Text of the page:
The Reform of Legal Education in East Asia

Posted: 27 Dec 2008

See all articles by Setsuo Miyazawa

Setsuo Miyazawa

Aoyama Gakuin University

Kay-Wah Chan

Macquarie University

Ilhyung Lee

University of Missouri at Columbia

Date Written: December, 23 2008


Legal education in East Asia, particularly in China, Japan, and Korea, is undergoing fundamental changes, both institutionally and pedagogically. A common feature of those changes is the introduction of elements of the American system of legal education. Although traditional legal education in these countries has been provided at an undergraduate level and has not been considered professional legal education, recent and current reforms in those countries are either adding postgraduate professional law schools to existing undergraduate legal education or replacing undergraduate legal education with postgraduate professional law schools. The main parts of this review describe key features of those reforms in the three countries. The conclusion draws some theoretical implications from similarities and differences among the three countries, particularly in terms of the role of the top elite as agents of reform and of the constraints of different local conditions.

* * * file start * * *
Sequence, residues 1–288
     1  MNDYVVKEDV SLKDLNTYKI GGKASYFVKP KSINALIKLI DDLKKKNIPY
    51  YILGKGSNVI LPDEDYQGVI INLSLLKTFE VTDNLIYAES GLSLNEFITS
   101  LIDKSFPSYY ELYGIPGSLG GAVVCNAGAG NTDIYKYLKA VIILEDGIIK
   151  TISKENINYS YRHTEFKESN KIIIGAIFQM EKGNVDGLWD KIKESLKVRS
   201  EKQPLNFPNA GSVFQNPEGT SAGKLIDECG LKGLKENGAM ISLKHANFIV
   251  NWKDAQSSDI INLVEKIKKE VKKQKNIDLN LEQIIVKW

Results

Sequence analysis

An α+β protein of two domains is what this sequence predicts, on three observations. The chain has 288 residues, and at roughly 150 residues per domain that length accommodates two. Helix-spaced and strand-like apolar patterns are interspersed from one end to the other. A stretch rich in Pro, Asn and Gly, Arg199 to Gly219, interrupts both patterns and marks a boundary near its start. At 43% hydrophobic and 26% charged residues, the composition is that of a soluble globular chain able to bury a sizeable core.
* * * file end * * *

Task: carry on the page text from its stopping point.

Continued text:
Keywords: legal changes, professional law school, American model, China, Korea, Japan

Suggested Citation

Miyazawa, Setsuo and Chan, Kay-Wah and Lee, Ilhyung, The Reform of Legal Education in East Asia (December, 23 2008). Annual Review of Law & Social Science, Vol. 4, December 2008, Available at SSRN:

Setsuo Miyazawa (Contact Author)

Aoyama Gakuin University ( email )

4-4-25 Shibuya, Shibuya-ku
Tokyo, 150-8366

Kay-Wah Chan

Macquarie University ( email )

North Ryde
Sydney, New South Wales 2109

Ilhyung Lee

University of Missouri at Columbia ( email )

332 Cornell Hall
Columbia, MO Columbia 65211
United States

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